7 Reasons Why Raising Rabbits is Great for Survival Preppers
Here are 7 Compelling Reasons to Master the Art of Raising Rabbits for Homesteading. Raising rabbits for survival prepping will give you many benefits, making them a popular choice among preppers and survivalists. This is the follow-up to Homesteading: A Path to Self-Sufficiency and Sustainable Living. Raising Chickens
1 – Breed. Breed. Breed for Survival!
Rabbits breed a lot, and they have a quick reproductive cycle. Baby rabbits, known as “kits” are born about 30 days after they have been bred. Rabbits are very fertile. Maintain this breeding program, and you will have lots of kits born.
We got two rabbits when I was 13-14 years old, and they quickly grew to 25 rabbits in no time! That meant at a young age, I had to learn how to butcher rabbits for our eating. I was able to keep two of the rabbits out of all that was born. I kept a female I named “Minesy” who was very big and light brown. The other rabbit was a male I named “Bugsy,” a big grey rabbit who looked like Bugs Bunny.
I let them in our house (the log cabin) one day when my mom was gone doing grocery shopping. Can you guess what happened? There were rabbit pellets (their poop) everywhere! It took months to find all of the places under things where they went and pooped. Needless to say, my mom was really upset, and I didn’t do that again, lol.
2 – Rabbits are Known for Their Efficient Feed-to-meat Conversion Rate
They can convert feed, such as pellets, grass, and weeds, into muscle mass more efficiently than other livestock animals like chickens.
This means you can produce a significant amount of meat with fewer resources, making them a cost-effective option for survival prepping. Besides, I like rabbit meat better than chicken. And I’m not much of an egg eater.
3 – Rabbits are Small and Quiet
They are well-suited for small-scale and urban prepping due to their compact size and minimal space requirements. They can be raised in small hutches or cages, making them suitable for individuals with limited land or urban dwellers.
We built our bunny hutch. It was up on wooden stilts with a roof made of aluminum, wooden supports, and slats. The bottom and sides were made out of chicken wire.
You won’t even hear squeaking. Rabbits are very quiet, which is good for people who live in a noise-control area.
4 – Rabbits are Relatively Low-maintenance Animals
Compared to larger livestock, rabbits require less space, feed, and maintenance efforts. This makes them great for people new to animal husbandry or with limited time and resources.
5 – Rabbit Meat is Lean, Nutritious, and Easily Digestible
From a young age, when I was dressing them for eating, they have been one of my favorite meats. It provides a high-quality protein source that can complement other food supplies in a survival situation. Rabbit meat is also versatile and can be cooked in various ways.
6 – Rabbits are Dual-purpose Animals, Good for Survival Prepping
Apart from their meat, rabbits also produce valuable byproducts. Their fur can be used for various purposes, including clothing and crafts. Rabbit manure is an excellent organic fertilizer for gardens.
7 – Rabbits are not Disease Carriers
Unlike other livestock, rabbits are not known carriers of zoonotic diseases that can infect humans. This reduces the risk of disease transmission, making rabbits a safer choice for small-scale and backyard farming.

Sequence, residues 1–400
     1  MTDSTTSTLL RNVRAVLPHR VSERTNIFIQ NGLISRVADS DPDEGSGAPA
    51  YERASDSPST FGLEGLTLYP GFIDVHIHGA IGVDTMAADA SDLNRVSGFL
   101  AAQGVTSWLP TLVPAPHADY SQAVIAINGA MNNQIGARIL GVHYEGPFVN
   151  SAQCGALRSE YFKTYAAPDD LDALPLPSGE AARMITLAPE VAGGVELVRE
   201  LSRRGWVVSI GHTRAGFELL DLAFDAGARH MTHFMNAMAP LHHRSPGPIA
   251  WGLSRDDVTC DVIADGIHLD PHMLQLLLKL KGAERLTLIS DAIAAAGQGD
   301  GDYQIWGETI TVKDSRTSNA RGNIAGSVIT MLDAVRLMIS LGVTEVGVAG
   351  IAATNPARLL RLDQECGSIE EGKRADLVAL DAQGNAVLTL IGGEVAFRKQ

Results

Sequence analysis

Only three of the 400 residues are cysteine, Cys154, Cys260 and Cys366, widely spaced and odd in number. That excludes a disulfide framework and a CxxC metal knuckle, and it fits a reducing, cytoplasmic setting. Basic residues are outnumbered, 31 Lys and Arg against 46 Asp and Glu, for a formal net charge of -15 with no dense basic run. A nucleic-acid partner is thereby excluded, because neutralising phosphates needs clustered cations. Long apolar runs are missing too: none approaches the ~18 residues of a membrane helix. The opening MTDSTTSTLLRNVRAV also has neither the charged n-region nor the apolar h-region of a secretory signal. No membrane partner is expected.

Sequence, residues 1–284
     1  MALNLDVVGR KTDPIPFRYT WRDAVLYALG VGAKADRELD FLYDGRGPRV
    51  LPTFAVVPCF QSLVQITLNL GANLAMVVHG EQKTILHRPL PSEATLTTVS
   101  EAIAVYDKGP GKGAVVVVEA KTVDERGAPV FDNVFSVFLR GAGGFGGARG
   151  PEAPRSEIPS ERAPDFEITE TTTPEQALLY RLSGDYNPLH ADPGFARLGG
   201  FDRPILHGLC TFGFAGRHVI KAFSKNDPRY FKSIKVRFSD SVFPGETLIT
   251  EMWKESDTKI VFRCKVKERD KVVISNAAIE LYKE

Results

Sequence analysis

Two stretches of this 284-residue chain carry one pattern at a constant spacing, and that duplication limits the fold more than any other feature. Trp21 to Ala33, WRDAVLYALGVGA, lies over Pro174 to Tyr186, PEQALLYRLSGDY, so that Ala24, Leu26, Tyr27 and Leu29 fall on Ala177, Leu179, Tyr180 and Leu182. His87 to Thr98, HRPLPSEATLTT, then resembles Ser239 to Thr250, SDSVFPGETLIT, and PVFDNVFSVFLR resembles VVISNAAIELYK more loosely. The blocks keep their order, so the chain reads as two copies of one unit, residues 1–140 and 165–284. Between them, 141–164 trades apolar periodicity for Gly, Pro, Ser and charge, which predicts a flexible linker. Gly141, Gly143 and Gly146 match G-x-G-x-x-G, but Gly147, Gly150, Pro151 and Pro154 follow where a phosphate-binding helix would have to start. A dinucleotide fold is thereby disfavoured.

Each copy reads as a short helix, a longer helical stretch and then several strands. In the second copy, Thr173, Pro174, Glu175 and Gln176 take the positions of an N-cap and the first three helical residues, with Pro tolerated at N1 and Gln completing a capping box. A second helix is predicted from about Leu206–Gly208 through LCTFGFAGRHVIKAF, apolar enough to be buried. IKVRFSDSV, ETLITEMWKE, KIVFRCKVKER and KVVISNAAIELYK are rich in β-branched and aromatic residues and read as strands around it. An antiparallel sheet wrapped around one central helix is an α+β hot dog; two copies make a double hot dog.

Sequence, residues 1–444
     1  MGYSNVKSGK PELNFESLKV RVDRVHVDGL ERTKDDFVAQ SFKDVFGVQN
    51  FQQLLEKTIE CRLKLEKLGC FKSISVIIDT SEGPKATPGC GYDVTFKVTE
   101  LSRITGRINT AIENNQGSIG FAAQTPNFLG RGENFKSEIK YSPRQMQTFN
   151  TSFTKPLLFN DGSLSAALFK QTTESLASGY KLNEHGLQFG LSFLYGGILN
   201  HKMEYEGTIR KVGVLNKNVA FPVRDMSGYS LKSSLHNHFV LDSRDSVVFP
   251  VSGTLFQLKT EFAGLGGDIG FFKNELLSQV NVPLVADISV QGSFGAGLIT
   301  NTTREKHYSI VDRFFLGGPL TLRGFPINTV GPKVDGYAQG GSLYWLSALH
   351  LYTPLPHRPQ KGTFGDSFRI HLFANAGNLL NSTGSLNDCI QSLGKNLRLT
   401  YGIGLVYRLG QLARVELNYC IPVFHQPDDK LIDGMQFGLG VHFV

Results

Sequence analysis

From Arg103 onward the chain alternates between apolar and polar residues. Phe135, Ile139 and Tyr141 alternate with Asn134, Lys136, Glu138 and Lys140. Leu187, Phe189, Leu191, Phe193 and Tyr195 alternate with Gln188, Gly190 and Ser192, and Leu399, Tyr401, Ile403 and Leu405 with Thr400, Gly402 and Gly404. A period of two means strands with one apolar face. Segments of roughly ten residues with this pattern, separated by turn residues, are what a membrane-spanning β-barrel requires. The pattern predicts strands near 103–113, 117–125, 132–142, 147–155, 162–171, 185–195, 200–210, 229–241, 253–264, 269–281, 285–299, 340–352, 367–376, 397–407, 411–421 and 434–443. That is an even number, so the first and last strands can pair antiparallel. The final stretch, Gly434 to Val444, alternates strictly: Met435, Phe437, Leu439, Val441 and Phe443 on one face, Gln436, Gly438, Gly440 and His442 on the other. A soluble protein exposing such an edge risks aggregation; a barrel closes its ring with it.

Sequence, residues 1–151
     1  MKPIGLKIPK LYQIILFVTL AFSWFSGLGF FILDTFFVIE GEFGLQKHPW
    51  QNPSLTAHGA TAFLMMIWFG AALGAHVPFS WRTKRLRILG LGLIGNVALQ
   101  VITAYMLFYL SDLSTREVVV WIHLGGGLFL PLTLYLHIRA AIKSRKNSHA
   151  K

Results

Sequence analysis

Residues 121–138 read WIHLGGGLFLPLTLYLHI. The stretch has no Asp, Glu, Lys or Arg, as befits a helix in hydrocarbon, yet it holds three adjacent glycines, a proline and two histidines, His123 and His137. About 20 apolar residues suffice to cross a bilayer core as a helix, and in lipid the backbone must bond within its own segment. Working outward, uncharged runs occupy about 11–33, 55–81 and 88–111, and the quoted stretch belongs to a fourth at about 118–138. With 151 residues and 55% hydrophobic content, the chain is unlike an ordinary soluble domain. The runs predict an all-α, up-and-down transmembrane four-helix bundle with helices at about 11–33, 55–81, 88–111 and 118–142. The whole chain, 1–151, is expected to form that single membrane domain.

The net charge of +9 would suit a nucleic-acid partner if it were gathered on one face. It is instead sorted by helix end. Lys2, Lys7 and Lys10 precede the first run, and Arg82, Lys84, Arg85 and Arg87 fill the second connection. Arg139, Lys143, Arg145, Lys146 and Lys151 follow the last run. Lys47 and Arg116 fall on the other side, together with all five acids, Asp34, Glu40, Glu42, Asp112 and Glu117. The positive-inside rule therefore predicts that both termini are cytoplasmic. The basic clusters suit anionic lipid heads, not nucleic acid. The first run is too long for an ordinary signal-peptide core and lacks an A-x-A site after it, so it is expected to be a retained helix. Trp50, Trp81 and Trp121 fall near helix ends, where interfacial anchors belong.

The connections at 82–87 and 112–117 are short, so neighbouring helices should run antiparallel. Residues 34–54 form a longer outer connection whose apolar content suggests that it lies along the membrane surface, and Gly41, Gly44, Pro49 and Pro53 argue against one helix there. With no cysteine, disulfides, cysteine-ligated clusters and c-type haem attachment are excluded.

In conclusion, it’s important to note that raising rabbits for survival prepping also requires knowledge and skills in their care, breeding, and butchering. Proper housing, nutrition, and health management are essential for their well-being and productivity. It’s advisable to conduct further research, consult experienced rabbit breeders or homesteaders, and consider specific factors such as local regulations, available resources, and personal circumstances before incorporating rabbits into your
A good resource for US regulations, how to handle, and how to raise rabbits, see Rabbit From Farm to Table
Rabbit Production in Florida – https://mysrf.org/pdf/pdf_rabbit/r14.pdf
American Rabbits https://en.wikipedia.org/wiki/American_rabbit
I hope you enjoyed this article. Thank you for reading. Let me know in the comments if you have any questions, and I will be more than happy to help you out.
I’m the daughter of 2 original survivalists who moved from the north to sunny Florida. My mother, along with her parents, bought 30 mostly uncleared acres in 1938. The first home was made of pecky-cypress and built by a house-raising. My mother raised 10,000 chickens.
My divorced mother met and married my father in 1948. From pine trees on our property, he hand-built a log cabin. He also built a tarpaper-lined 65’x45′ pool with duck pond overflow. We had an artesian well for our water and powering our hand-built waterwheel for the pool. He built a substantial cantilevered roof workshop with a car pit in the massive cement floor.
Since my early teens, I have read a ton of books about survival, prepping, the bomb, an apocalypse, homestead living, and SHTF situations. As an adult, I continue to read sci-fi, survival prepping, and science. I practice a prepper lifestyle albeit a bit modified, read a lot, buy a lot, pack/store a lot of anything survival related.
Read my About Me post for more details on our self-sufficient living. I lived there until I went to college in 1968.
My SurvivalPrepperSupply.com blog strives to educate individuals on coping with natural and human-caused disasters using article posts about preparing for emergencies.